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quinta-feira, 28 de janeiro de 2016

A Saintly Aroma: Scents of Heaven

by: Elena Vosnaki

If the devil and sin itself smell of sulphur, as I claimed in my previous article, A Diabolical Whiff: Scents of Hell, then heaven must be a true olfactory joy ride! The Christian tradition of "the odor of sanctity" of men and women of higher moral virtue who, either during their mortal lives or after their earthy demise, naturally exude a heavenly scent, hints at a fragrant paradise indeed. 
Angels must smell heavenly, that's a given, and perfume companies have used this association many a time to suggest their grace to the public. Just take a sniff ofAngel Face by indie brand Ava Luxe, with its intensely powdery, cloud-like polished aura. But humans, elevated to heavenly levels, could too, or so the story goes. 
There must be those among you who have visited a place of saintly worship. There you yourself might have smelled, or the guides may have pointed out, the suave odors that permeate such places. Sometimes floral, sometimes as pure as resinous emanations of materials known for their use in incense, the puzzling persistence of their existence comes as the proof of sanctity for the pious, a conundrum for the agnostic, or a cause for suspecting cunning trickery for the eternally doubtful...
I won't dispute anyone's faith or lack thereof. That's not my place as a historian nor as a scent author. The matter is that the aroma is quite real, almost palpable, hitting you at the nostrils as soon as you enter such places, for instance at Saint Demetrius, "the Myrrh-pourer" in Salonica, the various ascetaria around the Christian world (places of anchorites) or any such.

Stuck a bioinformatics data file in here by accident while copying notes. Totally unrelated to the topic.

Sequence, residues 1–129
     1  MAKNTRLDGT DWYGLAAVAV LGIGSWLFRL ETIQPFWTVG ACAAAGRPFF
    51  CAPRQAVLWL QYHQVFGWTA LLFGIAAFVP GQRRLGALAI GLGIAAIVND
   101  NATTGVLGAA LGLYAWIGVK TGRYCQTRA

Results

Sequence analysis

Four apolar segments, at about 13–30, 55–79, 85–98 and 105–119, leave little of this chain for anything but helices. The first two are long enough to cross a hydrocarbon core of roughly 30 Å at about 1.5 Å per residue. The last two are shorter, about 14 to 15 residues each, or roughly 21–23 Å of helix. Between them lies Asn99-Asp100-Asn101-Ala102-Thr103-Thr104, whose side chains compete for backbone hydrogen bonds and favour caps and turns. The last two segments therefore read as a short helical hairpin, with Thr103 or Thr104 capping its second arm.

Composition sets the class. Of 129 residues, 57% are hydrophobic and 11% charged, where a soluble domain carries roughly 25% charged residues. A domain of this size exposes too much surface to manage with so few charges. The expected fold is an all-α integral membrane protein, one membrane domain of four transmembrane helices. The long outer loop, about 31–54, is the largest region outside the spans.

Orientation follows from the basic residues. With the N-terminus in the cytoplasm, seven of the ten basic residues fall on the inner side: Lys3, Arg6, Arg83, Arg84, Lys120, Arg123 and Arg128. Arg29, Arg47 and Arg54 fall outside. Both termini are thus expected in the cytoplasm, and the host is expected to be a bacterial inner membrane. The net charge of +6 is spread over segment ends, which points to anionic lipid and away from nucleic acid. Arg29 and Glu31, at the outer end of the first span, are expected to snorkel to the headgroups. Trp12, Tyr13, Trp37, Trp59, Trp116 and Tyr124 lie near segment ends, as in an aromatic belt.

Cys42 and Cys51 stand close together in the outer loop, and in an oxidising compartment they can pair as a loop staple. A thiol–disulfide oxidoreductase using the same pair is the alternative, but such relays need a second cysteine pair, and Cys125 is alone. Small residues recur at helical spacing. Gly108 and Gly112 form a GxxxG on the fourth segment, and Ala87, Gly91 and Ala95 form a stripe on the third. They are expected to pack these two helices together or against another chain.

The beliefs and the physical reasons behind these phenomena are fascinating to unravel nevertheless.
In Biblical times, the link between germs and diseases hadn't been made (it had to wait till the 19th century), so the logical leap that foul smells, entering the body at once with one's breath, could carry disease isn't far fetched. No wonder people tried to  protect themselves. In a "fight fire with fire" effort they tried even stronger smells against the inevitable stench of human curruption. Using incense materials, resins and gums high in purefying molecules such as Verbenone (a ketone) or Trans-verbenol (an alcohol), which they collected spending much time and effort, they fought foul odors with pleasant, "clean" ones. 
A lovely thought sprang from that practice. Since these aromatic resins burn without residue, symbolizing the heavenly spirits to whom they ascend to when burnt, and since essential oils represent the very spirit of a plant, could they not be the answer to a prayer against the inavoidability of curruption? 
The practice of embalming knew its apotheosis in ancient Egypt, where the Pharaohs were  mummified using complex aromatic mixes of both exotic and local materials.Myrrh in particular, rich in terpenes, molecules also present in the fresh scent of pine, was essential for the embalming process. Frankincense and fragrant rosin completed the sacred triptych of the tomb. They continued to be used for embalming kings and queens throughout the Middle Ages and into the Renaissance.
It's therefore, apropos, that modern audiences will recall such a reference in the 1994 Patrice Chéreau film La Reine Margot, set during the French Renaissance and based on the historical novel by Alexandre Dumas. In the scene leading up to the film's end, Margeurite de Valois (the eponymous Margot) is directing her maid of honors to use a precious pomade on the head of her beheaded lover, Joseph Boniface de La Môle, "in order to retain his beauty". The desire to stop time, for good, is irresistible, even for accursed princesses such as Margeurite, brought to a loveless, arranged marriage with a husband of a rival faith by her conniving mother, the plot-twisting Catherine de Medici. (Both novel and film focus on the days surrounding the notorious St.Bartholomew's Massacre between Catholics and Protestants in France).